If I have not made it abundantly clear at this point, the “.com” extension is the most popular option. When most people believe every website ends in “.com” it is important to actually end with it.

Not to mention that most sites that do not have “.com” are often perceived as shady or scammy by many internet users.

It is important to point out that your domain extension is nothing but cosmetic. It really doesn’t matter from an SEO perspective if you have a “.com” or “.net” as far as Google is concerned, thus there really is no downside to not using “.com”.

In 99% of cases, you want a “.com” extension. The 1% of cases where you do not use it are usually because it is not available.

Since domain names must be unique, someone may have already purchased that domain name. At that point, your only option is to buy the domain from that person, which can be expensive or just not possible.

Or, you can opt to use a different domain extension. This can save you money and allow you to keep your original name.

Domain Extension FAQs

Naturally, you still probably have a lot of questions related to domain extensions. Here are some of the most frequently asked questions regarding them:

How early should I buy a domain name when starting a business?

The moment you have a name in mind, you should immediately buy that domain name. In fact, if you were struggling to select a domain name, you should check the availability of all the names you had in mind. If one were taken, that would be a good reason to not choose it.

Is it worth choosing a less popular domain extension to save money?

Generally speaking, no. At least in the case of buying from a registrar. Realistically, buying a domain name with the extension of your choice is rather inexpensive. That said, if you were buying a domain name directly from another person, you may want to consider it.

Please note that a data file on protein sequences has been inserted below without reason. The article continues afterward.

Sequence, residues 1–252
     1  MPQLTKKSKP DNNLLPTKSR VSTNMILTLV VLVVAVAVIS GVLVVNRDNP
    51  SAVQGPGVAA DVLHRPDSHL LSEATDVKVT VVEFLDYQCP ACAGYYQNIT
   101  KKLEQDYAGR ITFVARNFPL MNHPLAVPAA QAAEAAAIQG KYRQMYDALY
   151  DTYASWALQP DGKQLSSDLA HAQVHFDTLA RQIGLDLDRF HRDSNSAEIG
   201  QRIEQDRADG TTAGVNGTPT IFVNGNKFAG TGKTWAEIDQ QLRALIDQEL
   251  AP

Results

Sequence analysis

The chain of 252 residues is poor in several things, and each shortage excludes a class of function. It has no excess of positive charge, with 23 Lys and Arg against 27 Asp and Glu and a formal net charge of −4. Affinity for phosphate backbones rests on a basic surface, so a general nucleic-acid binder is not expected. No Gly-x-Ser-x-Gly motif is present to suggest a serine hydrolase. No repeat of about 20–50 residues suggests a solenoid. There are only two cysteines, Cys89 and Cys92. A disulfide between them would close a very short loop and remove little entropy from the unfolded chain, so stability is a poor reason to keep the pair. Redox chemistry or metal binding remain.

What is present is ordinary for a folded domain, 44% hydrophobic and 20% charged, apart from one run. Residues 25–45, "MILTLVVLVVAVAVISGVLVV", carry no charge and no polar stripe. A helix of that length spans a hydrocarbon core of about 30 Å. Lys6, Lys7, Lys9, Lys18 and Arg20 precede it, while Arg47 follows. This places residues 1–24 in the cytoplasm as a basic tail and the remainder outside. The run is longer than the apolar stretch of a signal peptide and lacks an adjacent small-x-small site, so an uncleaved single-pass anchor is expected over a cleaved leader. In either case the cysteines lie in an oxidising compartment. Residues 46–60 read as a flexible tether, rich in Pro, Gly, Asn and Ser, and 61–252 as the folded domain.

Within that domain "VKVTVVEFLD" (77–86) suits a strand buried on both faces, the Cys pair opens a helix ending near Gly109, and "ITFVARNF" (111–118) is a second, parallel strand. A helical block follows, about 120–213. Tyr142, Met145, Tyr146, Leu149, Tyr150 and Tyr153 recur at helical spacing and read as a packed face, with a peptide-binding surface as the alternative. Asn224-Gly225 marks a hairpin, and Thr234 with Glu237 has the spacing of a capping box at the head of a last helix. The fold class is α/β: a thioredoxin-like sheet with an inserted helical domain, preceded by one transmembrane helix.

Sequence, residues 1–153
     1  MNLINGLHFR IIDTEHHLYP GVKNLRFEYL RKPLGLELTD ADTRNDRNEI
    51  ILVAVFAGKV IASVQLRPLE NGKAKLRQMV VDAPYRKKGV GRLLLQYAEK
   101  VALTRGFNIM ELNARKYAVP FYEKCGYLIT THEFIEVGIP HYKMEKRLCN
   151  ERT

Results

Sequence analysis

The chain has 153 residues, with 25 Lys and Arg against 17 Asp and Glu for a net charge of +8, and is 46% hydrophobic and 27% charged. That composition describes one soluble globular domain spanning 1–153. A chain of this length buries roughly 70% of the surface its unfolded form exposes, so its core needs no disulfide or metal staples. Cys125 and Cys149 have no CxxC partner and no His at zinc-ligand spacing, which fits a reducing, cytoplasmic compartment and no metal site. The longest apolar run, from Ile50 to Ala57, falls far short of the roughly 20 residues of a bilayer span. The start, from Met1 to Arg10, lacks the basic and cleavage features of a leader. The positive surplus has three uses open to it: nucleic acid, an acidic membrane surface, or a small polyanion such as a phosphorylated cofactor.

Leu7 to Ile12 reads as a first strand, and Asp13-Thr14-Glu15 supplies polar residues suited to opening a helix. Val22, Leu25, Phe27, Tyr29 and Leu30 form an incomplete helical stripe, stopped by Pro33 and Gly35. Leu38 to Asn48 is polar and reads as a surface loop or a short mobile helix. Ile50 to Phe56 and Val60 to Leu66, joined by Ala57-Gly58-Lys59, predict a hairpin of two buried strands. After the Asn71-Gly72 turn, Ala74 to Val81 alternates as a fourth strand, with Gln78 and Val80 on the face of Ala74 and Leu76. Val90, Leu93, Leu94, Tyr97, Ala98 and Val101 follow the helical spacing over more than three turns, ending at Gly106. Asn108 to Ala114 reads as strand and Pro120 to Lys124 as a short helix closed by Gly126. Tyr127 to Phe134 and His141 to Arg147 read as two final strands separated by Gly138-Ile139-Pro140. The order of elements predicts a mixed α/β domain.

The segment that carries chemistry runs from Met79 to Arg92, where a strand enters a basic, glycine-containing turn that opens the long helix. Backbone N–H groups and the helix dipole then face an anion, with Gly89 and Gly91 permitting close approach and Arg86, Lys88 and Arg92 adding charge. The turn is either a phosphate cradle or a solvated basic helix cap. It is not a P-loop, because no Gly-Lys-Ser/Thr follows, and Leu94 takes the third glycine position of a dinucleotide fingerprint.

Should I buy all of the domain extensions for my domain name?

No. Only startup companies that have visions of becoming major corporations will ever purchase multiple domain extensions for their name. It is an extra expense that is not worth it for your standard blog or online store.

Can I create my own domain extension?

Yes, but it is a lot of work and expensive to do. You would have to work with the Internet Corporation for Assigned Names and Numbers (ICANN). The approval process for a new extension can take upwards of 2 years, so it is not quick or cheap to do.

Will domain extensions continue to increase in price?

Over the last few years, as the number of new websites has grown rapidly, so too has the price of domain names. Essentially, there is greater demand, so the price increases. There is no way to say for certain if prices will continue to grow or not, but most likely they will.

Will using a generic domain extension hurt my brand?

It could. Generally speaking, outside of the most popular extensions like “.com”, “.edu”, “.gov”, and a few others, most users will look at these as potential scams. Not many people will trust a site with an unorthodox domain extension, which can damage a brand.

Can I change my domain extension?

No. Once you choose a domain extension, you cannot change it. You would have to buy a new domain name and redirect the old one to it. Doing this will damage your SEO, so it is not recommended.

Are You Building a Website?

If you are interested in domain extensions, I think it is fair to assume you are also interested in building a website. And when it comes to starting a website, you are going to need a quality web hosting company, which is exactly what we offer at GreenGeeks.

When you sign up with GreenGeeks, we provide a free domain name and extension, thus, that’s one less cost to worry about. On top of this, you can purchase as many domain names from us as you would like.

We offer a variety of tutorials that can help you build your site with us, and our support team is waiting to assist you with any questions you may have, so be sure to reach out to us when you are ready to get building.

What domain extension were you considering? Do you think a “.com” extension is the best option?